The wings on Avery Russell House may be demolished.
“Our goal is to get the house to its original condition … We want to take it back to the original four sides of the building, clean up the rest of it and structurally get it to where people can enter and exit safely,” David Smoak, town administrator, said.
Sue Stuhl, Parks and Leisure Services director, said Brewer, Ingram, Fuller Architects was working on the project.
The house is on the National Register of Historic Places.
Valerie E. Altzer, archeologist in direct charge, said, in a preliminary archeological report in March, David Campbell had a frontier station in the area in 1876, while the house itself may date to around 1820. During its time as an inn, various people including politicians stayed there. It stands near the intersection of Kingston Pike and Campbell Station Road.
Stuhl said the site is important because it is one of the oldest buildings in Farragut.
“The house and land have witnessed much over the years, from conflicts between the early settlers and American Indians to the Civil War’s Battle of Campbell Station to the incorporation of the town of Farragut,” she said.
“We don’t know too many details about it,” Stuhl said about the potential plans. “We don’t have a plan yet for taking down the additions, nor a cost or a schedule. This is something that the architect is working on at present.”
Smoak said the architects were working on cost estimates.
“We’re not going to get [the estimates] back until September or October so it’s going to be some time before we know what the cost estimates are going to be, and then the Board will decide,” he said.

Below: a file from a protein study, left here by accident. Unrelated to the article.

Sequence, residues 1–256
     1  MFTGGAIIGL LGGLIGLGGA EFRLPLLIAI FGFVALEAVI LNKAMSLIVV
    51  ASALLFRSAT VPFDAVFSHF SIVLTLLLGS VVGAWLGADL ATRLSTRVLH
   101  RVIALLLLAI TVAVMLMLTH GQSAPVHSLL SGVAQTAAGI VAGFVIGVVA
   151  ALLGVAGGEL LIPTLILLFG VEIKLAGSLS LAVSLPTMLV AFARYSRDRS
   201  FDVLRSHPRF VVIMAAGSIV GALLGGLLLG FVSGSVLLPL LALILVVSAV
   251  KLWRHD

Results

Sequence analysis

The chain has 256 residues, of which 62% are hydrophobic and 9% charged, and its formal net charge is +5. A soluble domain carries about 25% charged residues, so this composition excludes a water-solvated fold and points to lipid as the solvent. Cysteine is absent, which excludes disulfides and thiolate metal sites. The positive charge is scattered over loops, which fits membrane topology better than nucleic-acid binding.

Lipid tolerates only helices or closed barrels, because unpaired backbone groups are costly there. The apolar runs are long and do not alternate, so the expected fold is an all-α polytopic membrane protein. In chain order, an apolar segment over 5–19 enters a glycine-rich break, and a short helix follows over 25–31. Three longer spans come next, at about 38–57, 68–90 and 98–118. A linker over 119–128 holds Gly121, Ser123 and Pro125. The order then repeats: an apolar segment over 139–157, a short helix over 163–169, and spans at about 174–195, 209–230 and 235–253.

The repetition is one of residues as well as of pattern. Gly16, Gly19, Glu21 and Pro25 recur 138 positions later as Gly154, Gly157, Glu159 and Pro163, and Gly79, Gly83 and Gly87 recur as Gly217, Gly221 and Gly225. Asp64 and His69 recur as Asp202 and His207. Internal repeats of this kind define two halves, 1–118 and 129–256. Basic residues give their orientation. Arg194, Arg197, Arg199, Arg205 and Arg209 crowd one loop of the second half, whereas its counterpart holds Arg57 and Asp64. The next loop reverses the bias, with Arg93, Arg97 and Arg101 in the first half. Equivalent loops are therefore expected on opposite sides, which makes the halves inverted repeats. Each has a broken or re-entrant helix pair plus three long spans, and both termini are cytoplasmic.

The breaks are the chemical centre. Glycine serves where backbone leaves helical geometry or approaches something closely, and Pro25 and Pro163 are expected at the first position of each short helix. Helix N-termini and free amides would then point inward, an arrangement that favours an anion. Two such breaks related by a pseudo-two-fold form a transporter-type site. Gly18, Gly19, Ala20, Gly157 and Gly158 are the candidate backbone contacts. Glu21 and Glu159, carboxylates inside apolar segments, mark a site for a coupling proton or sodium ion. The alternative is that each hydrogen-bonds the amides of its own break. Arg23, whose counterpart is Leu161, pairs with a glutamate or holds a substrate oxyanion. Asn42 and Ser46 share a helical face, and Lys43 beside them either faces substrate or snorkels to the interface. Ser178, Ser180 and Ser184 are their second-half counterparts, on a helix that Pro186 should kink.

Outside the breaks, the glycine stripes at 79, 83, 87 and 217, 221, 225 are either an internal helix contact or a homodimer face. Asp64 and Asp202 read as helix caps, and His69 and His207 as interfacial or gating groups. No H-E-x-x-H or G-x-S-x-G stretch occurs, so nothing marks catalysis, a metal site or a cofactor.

Stuhl said the possible removal of the wings would make sense for two reasons. One is they were not part of the house’s original structure and secondly, they are deteriorating.
“Take it back to the Campbell Station era,” Stuhl said regarding what the Town might like to do. “We’re still working on getting it stabilized.”
Smoak said the Town probably would aim to let people tour the home but would not necessarily find a final use for the home right away.
“I think this will give us some time to determine what we’d like to do long-term for the inside of the house,” Smoak said.
He said the Town may eventually take down the building currently used by Doggie Day Care behind the building.
“The Board of Mayor and Aldermen will have to make that ultimate determination, but I do think when we look at the overall site process and the site planning process, it will probably be without that building there, so give it more space, more green space for the area and parking as well, but there’s no time frame on that right now,” Smoak said.
The National Register of Historic Places added the Avery Russell house in 1975.